“Science — like love — has her little surprises.”
Response to Peary’s Review:
At any rate, Peary goes on to argue that this second film “is not cold, bleak, or depressing like the original” (apples and oranges, anybody? I find nothing wrong with the first film having more of this tone), and that it “has a higher budget [so that] the production values breathe life into the story” (though again, I found the production values just fine in the original). He notes that “the claustrophobic castle and laboratory sets are balanced by spacious, candle-lit chambers with shiny floors and columns, all covered with shadows”, and exclaims (rightfully so) over “how wonderful the expressionistic forest [is]!” As Peary points out, “neither Whale nor cameraman John Mescall strove for realism”, given that this “film is meant to be a visualization of a story”. He calls out the way Whale “has fun with the four stars’ angular faces”, shooting them “in tremendous close-ups, often using wild camera angles” — indeed, it’s this particular element of the film that strikes one as most innovative and astonishing. (“Really? He’s filming from THAT perspective?!” you’ll find yourself wondering aloud.)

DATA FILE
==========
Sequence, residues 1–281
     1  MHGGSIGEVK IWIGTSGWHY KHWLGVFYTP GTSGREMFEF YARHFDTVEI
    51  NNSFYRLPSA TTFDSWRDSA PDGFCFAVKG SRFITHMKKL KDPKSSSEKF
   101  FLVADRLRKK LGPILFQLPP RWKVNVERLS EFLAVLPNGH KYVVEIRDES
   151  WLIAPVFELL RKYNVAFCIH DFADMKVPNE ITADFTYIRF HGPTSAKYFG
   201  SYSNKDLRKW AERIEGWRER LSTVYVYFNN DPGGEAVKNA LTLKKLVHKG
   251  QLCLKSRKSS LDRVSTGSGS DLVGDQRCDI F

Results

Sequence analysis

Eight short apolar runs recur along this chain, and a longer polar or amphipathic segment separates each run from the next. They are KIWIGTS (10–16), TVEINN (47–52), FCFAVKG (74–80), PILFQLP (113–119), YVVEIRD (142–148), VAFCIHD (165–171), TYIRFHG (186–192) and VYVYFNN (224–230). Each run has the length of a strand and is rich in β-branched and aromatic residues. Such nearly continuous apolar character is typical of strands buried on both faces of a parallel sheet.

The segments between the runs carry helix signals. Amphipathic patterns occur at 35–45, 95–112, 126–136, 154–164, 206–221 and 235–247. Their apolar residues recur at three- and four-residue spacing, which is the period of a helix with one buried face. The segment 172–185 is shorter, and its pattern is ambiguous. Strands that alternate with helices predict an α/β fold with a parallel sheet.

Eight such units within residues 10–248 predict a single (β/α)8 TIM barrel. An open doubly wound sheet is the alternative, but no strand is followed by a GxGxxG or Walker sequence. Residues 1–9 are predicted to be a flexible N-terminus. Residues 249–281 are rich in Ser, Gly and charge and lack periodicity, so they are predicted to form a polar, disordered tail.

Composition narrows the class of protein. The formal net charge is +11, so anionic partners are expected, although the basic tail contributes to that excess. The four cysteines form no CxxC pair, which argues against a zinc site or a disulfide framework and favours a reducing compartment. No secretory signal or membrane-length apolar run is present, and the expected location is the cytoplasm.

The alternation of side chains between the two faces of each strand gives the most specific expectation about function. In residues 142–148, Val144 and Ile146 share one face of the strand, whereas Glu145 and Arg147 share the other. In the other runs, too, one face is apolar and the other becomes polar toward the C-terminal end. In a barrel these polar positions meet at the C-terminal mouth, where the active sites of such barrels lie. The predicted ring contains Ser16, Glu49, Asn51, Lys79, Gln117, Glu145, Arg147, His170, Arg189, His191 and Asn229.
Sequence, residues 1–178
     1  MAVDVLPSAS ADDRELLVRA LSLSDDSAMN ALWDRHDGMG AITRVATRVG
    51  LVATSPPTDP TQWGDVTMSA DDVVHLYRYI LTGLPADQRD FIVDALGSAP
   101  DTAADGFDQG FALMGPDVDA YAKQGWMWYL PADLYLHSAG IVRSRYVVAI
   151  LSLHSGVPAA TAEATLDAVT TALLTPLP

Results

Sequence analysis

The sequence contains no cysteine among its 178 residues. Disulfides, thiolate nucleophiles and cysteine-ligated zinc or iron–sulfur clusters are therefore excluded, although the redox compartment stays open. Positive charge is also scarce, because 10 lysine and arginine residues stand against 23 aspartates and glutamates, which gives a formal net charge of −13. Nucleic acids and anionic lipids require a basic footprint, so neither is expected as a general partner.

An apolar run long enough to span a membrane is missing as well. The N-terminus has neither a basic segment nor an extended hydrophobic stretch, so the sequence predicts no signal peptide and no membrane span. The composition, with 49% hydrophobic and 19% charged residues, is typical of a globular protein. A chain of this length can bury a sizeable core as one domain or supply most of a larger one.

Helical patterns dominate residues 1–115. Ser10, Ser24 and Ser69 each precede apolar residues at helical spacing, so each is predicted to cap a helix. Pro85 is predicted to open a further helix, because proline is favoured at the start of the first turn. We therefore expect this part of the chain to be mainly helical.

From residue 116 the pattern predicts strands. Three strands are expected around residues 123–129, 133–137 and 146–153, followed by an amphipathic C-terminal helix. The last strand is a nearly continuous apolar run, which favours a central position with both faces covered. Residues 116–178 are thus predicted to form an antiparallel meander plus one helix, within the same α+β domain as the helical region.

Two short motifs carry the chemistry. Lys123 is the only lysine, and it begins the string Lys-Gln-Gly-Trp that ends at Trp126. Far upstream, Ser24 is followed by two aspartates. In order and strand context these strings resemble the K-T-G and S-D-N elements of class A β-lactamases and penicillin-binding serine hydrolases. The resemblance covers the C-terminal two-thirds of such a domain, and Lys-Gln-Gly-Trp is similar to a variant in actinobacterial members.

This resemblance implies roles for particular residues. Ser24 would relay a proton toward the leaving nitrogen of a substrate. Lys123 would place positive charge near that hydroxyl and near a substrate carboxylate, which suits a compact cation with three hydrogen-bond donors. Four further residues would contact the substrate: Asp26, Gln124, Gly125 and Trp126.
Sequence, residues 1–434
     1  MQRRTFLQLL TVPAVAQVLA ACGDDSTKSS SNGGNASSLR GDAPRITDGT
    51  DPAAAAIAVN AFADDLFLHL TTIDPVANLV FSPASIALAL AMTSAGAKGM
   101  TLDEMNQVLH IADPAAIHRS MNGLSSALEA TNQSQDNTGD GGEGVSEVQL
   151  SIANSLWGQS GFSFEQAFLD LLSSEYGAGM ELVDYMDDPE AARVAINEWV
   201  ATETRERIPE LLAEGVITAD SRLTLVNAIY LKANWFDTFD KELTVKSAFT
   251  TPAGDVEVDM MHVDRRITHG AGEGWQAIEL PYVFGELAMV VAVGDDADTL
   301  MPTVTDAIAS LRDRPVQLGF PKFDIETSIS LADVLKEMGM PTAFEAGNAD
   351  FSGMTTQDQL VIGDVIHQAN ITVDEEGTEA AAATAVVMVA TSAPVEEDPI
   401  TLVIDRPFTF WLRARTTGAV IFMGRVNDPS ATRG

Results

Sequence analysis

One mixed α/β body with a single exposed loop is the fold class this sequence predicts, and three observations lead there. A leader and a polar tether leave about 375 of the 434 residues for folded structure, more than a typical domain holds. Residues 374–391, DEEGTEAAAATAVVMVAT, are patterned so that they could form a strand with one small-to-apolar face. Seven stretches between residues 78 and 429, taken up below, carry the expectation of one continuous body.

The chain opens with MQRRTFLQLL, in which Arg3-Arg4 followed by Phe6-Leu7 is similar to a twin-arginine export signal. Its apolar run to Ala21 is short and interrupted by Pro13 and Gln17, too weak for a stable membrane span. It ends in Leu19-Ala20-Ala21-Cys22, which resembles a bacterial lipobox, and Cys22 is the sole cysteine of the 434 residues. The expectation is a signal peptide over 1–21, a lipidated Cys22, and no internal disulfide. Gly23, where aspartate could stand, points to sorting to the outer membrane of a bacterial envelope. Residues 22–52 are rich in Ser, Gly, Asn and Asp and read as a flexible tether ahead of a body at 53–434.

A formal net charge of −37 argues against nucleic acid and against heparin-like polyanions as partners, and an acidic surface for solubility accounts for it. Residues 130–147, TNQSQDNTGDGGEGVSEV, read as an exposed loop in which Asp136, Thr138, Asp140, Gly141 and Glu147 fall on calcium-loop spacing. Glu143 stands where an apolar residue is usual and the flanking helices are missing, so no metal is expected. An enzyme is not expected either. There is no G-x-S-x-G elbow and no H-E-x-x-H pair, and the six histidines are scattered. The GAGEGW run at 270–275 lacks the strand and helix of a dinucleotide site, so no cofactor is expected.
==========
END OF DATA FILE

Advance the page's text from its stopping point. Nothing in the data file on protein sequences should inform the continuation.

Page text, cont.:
Peary accurately argues that the 5’4″ Lanchester is “marvelous in her brief appearance as the Bride”, walking on “2 1/2-foot stilts that make her movements birdlike” — yet despite her visual dominance in our collective consciousness of this film, she’s really a very minor character, not showing up until the very end, and on-screen for less than five minutes. Thus, Peary’s right to note that “it is Karloff’s touching performance” (as in the original) “that makes this film great.” While he’s “almost hidden beneath Jack Pearce’s remarkable make-up, his sensitive eyes still come through, expressing the Monster’s feelings”. Peary sums it up perfectly: “With Karloff in the part, the Monster is eloquent even when silent”. Just as memorable, however — and arguably an equally essential ingredient in the film’s success — is the bold performance given by Thesiger as “one of the genre’s most eccentric scoundrels”. Whenever this angular villain is on-screen, we simply can’t look away — particularly as he’s showcasing his display of miniaturized humans, each perfectly realized, and reminding one of the expert special effects work done a year later in Tod Browning’s The Devil Doll.
Redeeming Qualities and Moments:
(Listed in 1001 Movies You Must See Before You Die)